The architect in question is septuagenarian Norman Swann, a fictional character evoked by a series of rooms (and accompanying ‘possessions’- some taken from the V&A Museum collection) by artist duo Elmgreen & Dragset. Although Norman and his home are pure fabrication, visiting the installation feels somewhat intrusive - the viewer becomes a voyeuristic explorer who sits on Norman’s chairs, reads his books and touches his personal belongings. They can’t, however, take photographs or enter with a bag larger than a small purse.
Above: View of the apartment (source)
Indeed, home is a private place; consequently the public availability of someone’s home (albeit a fictional one) in the V&A, exposes tensions between the interior world of the individual and the external self. The idea of reconstructing the home of a person is no new feat for museums – only days ago I was entering the re-imagined home of the Brontë family in Haworth, Yorkshire - although the idea of doing it for someone still alive (fictional or otherwise) perhaps heightens the discomfort of the experience. Or at least it did for me.
Norman wasn’t an easy person to warm to. His collection of antique books, valuable art and expensive furniture suggested privilege and cultural snobbery. Evidence of close or meaningful human relationships seemed lacking. Or at least those were my first impressions, having read little about the installation prior to attending. The neat arrangements of fading photographs suggested a past more vibrant and engaging than the present, and the various references to a schoolboy Norman implied a wistful vulnerability, further compounded by the unmade bed and carefully folded pyjamas.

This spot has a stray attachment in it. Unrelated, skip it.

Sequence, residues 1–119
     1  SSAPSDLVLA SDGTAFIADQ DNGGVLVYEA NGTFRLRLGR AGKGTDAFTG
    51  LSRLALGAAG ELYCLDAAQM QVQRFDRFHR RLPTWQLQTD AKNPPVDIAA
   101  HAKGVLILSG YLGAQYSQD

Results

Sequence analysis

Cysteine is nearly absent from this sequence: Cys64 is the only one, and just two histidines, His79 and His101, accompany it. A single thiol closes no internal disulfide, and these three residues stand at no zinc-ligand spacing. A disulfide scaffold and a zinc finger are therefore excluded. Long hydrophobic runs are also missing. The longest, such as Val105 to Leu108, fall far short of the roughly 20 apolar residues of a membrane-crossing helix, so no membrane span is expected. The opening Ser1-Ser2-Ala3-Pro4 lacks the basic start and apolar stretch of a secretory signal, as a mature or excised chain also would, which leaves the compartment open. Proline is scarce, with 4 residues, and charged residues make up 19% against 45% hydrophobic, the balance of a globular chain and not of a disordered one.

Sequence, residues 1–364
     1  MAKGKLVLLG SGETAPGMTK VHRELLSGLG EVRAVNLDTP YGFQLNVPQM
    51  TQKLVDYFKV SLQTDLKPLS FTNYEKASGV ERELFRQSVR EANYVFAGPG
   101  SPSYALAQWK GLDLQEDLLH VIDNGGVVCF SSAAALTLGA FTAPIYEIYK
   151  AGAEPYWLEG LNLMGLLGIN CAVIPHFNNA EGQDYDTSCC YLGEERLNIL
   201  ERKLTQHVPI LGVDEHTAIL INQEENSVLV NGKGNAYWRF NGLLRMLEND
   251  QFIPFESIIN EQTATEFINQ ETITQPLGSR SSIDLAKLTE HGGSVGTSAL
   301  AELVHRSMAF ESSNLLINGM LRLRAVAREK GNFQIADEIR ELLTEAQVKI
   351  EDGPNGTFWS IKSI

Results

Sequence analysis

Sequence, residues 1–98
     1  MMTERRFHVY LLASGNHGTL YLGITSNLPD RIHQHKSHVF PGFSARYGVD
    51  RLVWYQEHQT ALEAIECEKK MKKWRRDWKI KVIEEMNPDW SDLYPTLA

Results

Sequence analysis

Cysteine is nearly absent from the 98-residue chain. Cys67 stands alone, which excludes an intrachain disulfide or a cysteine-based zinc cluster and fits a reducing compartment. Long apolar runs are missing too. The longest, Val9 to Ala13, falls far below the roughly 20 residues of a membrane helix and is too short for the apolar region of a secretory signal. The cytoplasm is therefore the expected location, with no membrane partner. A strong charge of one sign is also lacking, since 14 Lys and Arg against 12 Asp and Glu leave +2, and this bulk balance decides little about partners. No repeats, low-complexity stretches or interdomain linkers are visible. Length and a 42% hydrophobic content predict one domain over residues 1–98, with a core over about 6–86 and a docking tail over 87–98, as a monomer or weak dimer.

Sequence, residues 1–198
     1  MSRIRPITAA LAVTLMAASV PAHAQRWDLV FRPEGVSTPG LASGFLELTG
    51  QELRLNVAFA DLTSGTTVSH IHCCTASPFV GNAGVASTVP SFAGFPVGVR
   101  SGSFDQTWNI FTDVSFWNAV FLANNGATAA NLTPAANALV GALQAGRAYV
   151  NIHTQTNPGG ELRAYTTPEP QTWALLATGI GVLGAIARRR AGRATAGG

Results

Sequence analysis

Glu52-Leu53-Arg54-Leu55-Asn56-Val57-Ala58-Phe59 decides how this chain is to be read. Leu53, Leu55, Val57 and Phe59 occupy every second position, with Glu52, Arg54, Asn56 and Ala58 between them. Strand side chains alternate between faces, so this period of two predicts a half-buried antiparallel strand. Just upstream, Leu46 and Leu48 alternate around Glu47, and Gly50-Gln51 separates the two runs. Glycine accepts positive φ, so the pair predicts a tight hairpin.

Above: Schoolboy portrait and model in the fireplace (source)
Below: Unmade bed with folded pyjamas and slippers (source) According to the exhibition blurb, which I read upon returning from London, the flat and its contents represent Norman’s family heirlooms, to be sold due to bankruptcy. A former teacher of architecture at the University of Cambridge, Norman is a man who fell short of expectations, and failed to achieve his dreams as an architect. Much of this was hinted at in the installation, and there was an interesting parallel in the contrast between the artful arrangements of pictures and objects within the apartment, and the pathetic quality said items assumed when packed into cardboard boxes elsewhere. Norman’s home evoked a juxtaposition between the grandeur and glory that might have been, and the fall from grace that his bankruptcy represented.
Above: Framed prints (source)
Below: Boxed up possessions (source)
The apartment and possessions depicted a crumbling empire which Norman seems virtually powerless to rebuild, as an old man within a rapidly changing world. I was reminded in this instance of Grayson Perry’s In The Best Possible Taste (and the accompanying tapestries). Perry depicted an upper class struggling to survive amidst a new breed of brash entrepreneurs and bolshy celebrities. Norman represents the genteel class of old – self-entitled and thus bewildered by their recent decline in money and status. The prospective buyer of his apartment (a former student and ‘celebrity’ architect) reflects the new.
This too is mirrored in the marginalisation of older people in society more generally.
Above: Grayson Perry depicts the fall of the traditional upper classes in his tapestry (source)
Below: The soon-to-be owner of Norman’s apartment, represented by a shiny new kitchen (source)